What will Dr. Gosnell’s victims remember?

[Sculptor: Martin Hudáček; born 1984; home: Banska Bystrica, Slovakia]

The details of Dr. Kermit Gosnell’s murder trial have sparked a passionate fury among many pro-life advocates. As Kirsten Powers wrote in her recent USA Today column, “Regardless of such quibbles, about whether Gosnell was killing the infants one second after they left the womb instead of partially inside or completely inside the womb — as in a routine late-term abortion — is merely a matter of geography. That one is murder and the other is a legal procedure is morally irreconcilable.”

Powers’ words resonate in my heart because I recognize that those babies, whether in the womb or out of it, will likely remember what was done to them.

Sarah Hinze has been researching pre-birth memories and encounters for nearly three decades. She has published eight books full of such stories. Sarah has spoken about her research on radio and television shows, at various colleges and universities, and at national and international conferences throughout the United States, Canada, and Mexico. I discovered Sarah’s work three years ago, and since that time we have become friends and partners in research.

When Sarah first began receiving accounts of abortion memories, she was highly skeptical. Recently, she handed me a story that had clearly been typed decades ago and said, “I think this was the first abortion story I ever received.” She shook her head, saying, “I couldn’t believe it was true.” So she had put it away in a file, feeling sure it was an anomaly among pre-birth accounts. But then she received others, and that pushed-aside file started to grow.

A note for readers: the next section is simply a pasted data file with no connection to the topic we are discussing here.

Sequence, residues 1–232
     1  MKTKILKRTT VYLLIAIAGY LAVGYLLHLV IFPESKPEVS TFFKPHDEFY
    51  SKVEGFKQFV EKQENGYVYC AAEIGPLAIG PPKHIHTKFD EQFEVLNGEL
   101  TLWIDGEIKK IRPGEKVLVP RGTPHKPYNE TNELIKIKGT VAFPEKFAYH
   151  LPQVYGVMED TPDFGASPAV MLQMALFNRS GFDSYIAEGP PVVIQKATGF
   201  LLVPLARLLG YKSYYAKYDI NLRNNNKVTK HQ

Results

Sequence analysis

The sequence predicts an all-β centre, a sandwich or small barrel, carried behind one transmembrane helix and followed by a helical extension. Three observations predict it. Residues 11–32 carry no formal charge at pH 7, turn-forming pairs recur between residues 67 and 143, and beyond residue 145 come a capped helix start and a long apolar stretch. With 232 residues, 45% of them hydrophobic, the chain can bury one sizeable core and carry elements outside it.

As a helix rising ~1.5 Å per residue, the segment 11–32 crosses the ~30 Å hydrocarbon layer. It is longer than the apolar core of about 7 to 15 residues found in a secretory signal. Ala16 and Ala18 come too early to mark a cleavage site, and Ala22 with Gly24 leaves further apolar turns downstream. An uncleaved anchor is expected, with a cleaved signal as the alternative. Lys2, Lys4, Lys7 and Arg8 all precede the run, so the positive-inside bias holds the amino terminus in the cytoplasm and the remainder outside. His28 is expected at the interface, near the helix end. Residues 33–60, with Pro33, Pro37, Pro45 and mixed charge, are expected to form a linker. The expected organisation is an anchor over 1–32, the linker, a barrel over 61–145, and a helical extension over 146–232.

In Sarah’s new book, The Memory Catcher, she described hearing a life-changing lecture by Ned Daughtery where he spoke of meeting his previously aborted children during a near-death experience. Sarah wrote, “My mind was racing.” Never before had she heard of such a thing. “These angel children remembered the parent who rejected them. I wanted to know more.” After further research, Sarah went on to publish her first book about what happens to these aborted children, The Castaways.

There are people living today who can remember things that happened to them before their births, in their mother’s wombs, even being aborted. They do feel. They do suffer. Sarah Hinze’s research indicates that many of these aborted children visit another womb where they are given another chance at life, sometimes carrying confusing wounds and memories within their spirits.

When I think of the children whose lives were ended by Dr. Gosnell and others like him, I try not to imagine too vividly what it must have been like for them. It’s a luxury we enjoy — that we can try not to think about it — a luxury those aborted children do not share.

By Lani Axman